Floor Materials to Prevent Hip Fractures
Floor Materials to Prevent Hip Fractures
Designers: Saeed M. Huda, Timothy K. O’Brien, Tujuana M. Shaw
Client Coordinator: Alan W. Eberhardt, Department of Biomedical Engineering
Fall-related hip fractures are a major source of injury in elderly persons in the United States. The idea for the current design was to develop flooring materials that remain stiff under normal walking conditions (low strain rates) and soften to provide cushion during a fall (high strain rate). The use of shear-thinning fluids in sandwich composites offers a promising method for such floor systems. Shear-thinning fluid is a strain rate sensitive material, which caters to a flooring system that will absorb impact. Based on understanding this fact, the present design study was performed to investigate new materials’ abilities to minimize the peak force seen during impact and to maximize the amount of energy attenuated. The target force values utilized were based on research conducted by Hayes and coworkers who showed hip fractures occurred within 0.78 – 4.00 kN range at energies of 5-50J.
The floor would consist of a shear-thinning fluid component encased in a silicone rubber liner. The silicone rubber selected for this project was uncured Smooth-SilTM 930, (Smooth-On Inc). The ratio to mix parts rubber and catalyst was 10:1. The rubber cured in 16-24 hours. The shear-thinning components tested were Laponite® RD (Rockwell Additives) and Carbopol® (Noveon). Laponite® RD is a synthetic silicate clay that mimics the naturally occurring smectite mineral called hectorite. The open network structure of Laponite® RD allows the chains to align under high shear rates, which causes a thinning response in the material. Carbopol® acts in a similar manner. Previous analyses of the rheology of these products with water alone, suggested that Laponite® has a greater capacity to shear thin. By mixing both the silicone rubber and the shear- thinning component, it was thought that a composite material could be developed that exhibited the strength and resiliency (of the rubber) and shear-thinning ability (Laponite® RD or Carbopol®). In essence, the flooring system was designed to be a shear-thinning rubber. The silicone rubber/powder mix was poured into seven cm aluminum containers. The samples were degassed in a vacuum chamber for five minutes and allowed to cure for 16 – 24 hours. The samples were then post-cured in a recirculating air furnace for two hours at 80 ºC then one hour at 100 ºC. All samples were made at a thickness of 1.27 cm (0.5 in.).
The testing was performed using guidance from ASTM F 1931-98, using a drop tower (Dynatup Instron Model 830-1). The initial setup incorporated the use of a striker head affixed to a load cell to determine energy, force, and velocity values during an impact. A high speed motion detector, operating at 300 Hertz, was also used to record rebound information during the testing. Both the load cell and motion detection data were recorded electronically and converted to spreadsheet form for further review. Testing for comparative values of impact force and time to peak load was performed using a 3.5 kg mass dropped from a height of five cm. A rectangular (7 cm x 10 cm) striking surface was attached to the load cell. Each sample was impacted three times with a minimum of one minute between each successive strike.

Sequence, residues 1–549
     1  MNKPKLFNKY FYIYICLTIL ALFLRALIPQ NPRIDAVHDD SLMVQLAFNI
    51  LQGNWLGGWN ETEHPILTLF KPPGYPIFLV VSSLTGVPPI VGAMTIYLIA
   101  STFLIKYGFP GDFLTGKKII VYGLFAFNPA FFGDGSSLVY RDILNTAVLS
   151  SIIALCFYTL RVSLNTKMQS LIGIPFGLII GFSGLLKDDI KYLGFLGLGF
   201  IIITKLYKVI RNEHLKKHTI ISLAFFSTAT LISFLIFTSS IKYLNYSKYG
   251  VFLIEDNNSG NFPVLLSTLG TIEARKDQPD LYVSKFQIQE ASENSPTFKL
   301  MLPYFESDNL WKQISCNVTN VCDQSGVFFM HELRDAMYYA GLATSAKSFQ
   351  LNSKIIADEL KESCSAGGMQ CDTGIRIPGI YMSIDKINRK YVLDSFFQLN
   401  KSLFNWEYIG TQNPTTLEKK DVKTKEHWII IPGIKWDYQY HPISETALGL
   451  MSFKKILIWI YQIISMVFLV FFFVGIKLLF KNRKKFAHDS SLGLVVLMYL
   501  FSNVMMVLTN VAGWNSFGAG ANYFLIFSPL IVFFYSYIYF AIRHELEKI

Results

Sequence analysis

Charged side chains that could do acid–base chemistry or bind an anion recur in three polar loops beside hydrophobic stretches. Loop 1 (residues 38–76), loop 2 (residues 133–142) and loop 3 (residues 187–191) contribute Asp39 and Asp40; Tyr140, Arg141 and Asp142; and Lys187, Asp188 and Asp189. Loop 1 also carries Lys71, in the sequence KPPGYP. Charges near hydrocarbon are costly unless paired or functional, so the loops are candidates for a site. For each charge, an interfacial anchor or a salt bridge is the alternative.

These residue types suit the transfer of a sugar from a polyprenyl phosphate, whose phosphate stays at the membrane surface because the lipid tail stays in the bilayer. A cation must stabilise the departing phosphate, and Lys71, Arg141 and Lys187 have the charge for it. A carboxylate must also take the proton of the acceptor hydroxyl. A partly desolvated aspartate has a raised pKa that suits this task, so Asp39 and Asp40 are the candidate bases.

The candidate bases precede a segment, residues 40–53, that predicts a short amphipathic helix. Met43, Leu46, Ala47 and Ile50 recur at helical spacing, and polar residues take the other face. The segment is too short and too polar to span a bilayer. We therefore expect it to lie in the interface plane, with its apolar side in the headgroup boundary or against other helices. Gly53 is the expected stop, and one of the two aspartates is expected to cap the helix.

The TUP software generated several key values for the samples tested. Among these values are peak force (kN) and energy produced at peak force (J). Peak force values from the six trials performed on each sample were plotted as function of the amount of shear-thinning agent present. Figure 6 shows the peak force values of all the silicone rubber/shear thinning agent samples tested. The 12.5 weight percent silicone rubber/Laponite® RD samples showed the lowest force out of all the samples tested.
The results achieved during this project indicate the mechanical properties of the silicon rubber / Laponite® system are a potentially viable solution for this type of a flooring system. Further testing and characterization of the compound is needed to fully quantify the role Laponite® contributes to energy absorption. Advantages of the silicone rubber/ Laponite® compound over the close cell foam include sanitation and ease of fabrication.
The primary disadvantage is cost. The projected production cost (Table 1) is in excess of sixteen times the cost of commercially available closed cell rubber foam mats.
Table 1. Projected costs of flooring system (8’ x 8’ room).
Material Cost/Square Foot: $38.73
Estimated Fabrication Cost/Square Foot: $3.49
Estimated Installation Cost/Square Foot: $2.00
Material Cost for 8’ X 8’ Floor: $2,478.78
Installation Cost for 8’ X 8’ Floor: $128.00
Total Cost for 8’ X 8’ Floor: $3,180.97
Cost/Square Foot: $44.22
Figure 15. Laponite containing material exhibited the lowest impact force (left) and second highest energy dissipation (right) among the materials tested (from left to right – open cell, closed cell, Laponite, Carbopol)